Major-General (ret’d) Leonard V. Johnson was definitely the Canadian military officer most beloved to peace activists. As Commandant of the National Defence College in Kingston, he had brought the eminent peace scholar Anatol Rapoport to speak at his college. This conversation led to others, which in turn convinced the general, who became one of the country’s most serious peace activists for three decades. After retiring from the military, he chaired the Canadian Pugwash group for some time and published a book with a revealing title: A General for Peace.
When Peace Magazine interviewed Len in 1985, we asked how that remarkable transition had occurred and how he believed activists could be effective. He said:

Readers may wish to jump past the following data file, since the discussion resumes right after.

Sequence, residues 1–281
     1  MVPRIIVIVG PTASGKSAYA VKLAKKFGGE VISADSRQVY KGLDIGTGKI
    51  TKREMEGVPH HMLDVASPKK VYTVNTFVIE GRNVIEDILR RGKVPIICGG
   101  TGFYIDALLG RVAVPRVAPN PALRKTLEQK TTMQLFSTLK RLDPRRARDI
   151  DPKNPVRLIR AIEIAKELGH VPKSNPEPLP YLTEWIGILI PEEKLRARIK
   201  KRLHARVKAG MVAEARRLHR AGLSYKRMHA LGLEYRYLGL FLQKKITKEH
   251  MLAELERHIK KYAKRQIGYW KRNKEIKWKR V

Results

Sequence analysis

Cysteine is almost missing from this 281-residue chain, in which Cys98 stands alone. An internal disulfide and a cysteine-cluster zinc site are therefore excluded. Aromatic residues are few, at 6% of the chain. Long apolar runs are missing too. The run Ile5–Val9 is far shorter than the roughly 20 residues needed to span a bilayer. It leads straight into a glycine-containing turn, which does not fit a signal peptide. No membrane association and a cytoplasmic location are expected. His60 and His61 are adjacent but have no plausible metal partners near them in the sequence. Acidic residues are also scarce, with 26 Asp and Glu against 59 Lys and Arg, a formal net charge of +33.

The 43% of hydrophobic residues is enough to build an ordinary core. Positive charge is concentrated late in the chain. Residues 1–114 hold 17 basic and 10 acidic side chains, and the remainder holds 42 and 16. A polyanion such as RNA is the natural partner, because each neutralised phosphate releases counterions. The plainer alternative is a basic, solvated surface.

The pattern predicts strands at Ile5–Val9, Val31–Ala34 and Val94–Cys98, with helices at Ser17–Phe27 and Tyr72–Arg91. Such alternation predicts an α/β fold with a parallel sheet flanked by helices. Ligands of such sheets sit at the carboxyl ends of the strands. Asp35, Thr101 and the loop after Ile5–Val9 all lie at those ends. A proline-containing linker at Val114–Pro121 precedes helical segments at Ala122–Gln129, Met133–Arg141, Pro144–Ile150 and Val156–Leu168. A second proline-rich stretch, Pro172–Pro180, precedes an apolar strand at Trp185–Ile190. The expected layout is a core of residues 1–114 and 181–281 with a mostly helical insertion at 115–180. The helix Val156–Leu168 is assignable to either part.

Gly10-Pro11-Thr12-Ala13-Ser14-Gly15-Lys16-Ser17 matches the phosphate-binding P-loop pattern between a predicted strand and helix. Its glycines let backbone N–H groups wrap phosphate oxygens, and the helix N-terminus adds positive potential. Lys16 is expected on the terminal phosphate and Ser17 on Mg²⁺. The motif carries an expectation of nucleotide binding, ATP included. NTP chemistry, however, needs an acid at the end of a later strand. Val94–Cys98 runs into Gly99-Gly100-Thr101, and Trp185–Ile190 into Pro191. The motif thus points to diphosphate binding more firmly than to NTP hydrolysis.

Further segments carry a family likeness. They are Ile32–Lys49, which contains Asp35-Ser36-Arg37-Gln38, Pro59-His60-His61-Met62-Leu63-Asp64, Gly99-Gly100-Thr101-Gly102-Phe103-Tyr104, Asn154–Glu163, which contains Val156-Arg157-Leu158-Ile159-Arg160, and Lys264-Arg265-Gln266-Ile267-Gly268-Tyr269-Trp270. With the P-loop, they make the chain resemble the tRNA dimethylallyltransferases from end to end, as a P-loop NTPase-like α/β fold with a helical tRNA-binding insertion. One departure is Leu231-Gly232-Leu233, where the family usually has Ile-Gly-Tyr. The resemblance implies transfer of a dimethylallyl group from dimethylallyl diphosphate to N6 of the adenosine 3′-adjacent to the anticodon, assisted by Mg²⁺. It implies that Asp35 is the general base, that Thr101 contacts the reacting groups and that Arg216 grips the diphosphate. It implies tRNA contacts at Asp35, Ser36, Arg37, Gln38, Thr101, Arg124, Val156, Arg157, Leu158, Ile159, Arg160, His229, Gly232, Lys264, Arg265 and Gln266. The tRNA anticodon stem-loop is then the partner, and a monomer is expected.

“I set out to find out what concerned the peace movement, and to sort these issues out in my own mind. And by the time I was finished, I felt that anyone who has any concern for the future has an obligation to be involved. And I also came to the conviction that officialdom doesn’t offer solutions in this. They can’t do anything but build more bombs. In fact, the critical thing is to get the public mobilized. Democratic, popular opinion is the only thing that will stop it. . .
“What you’re doing is transforming [militarism] from the bottom, by working on public opinion so that conventional wisdom changes. There’s nothing so hopeless as an idea whose time has not come. [We laughed.] But once that time comes, there’s nothing so powerful! Once the public reaches a certain level of awareness, people suddenly say, ‘Oh yes, of course, this is what we should be doing.”
We thank Canada’s “peace general.”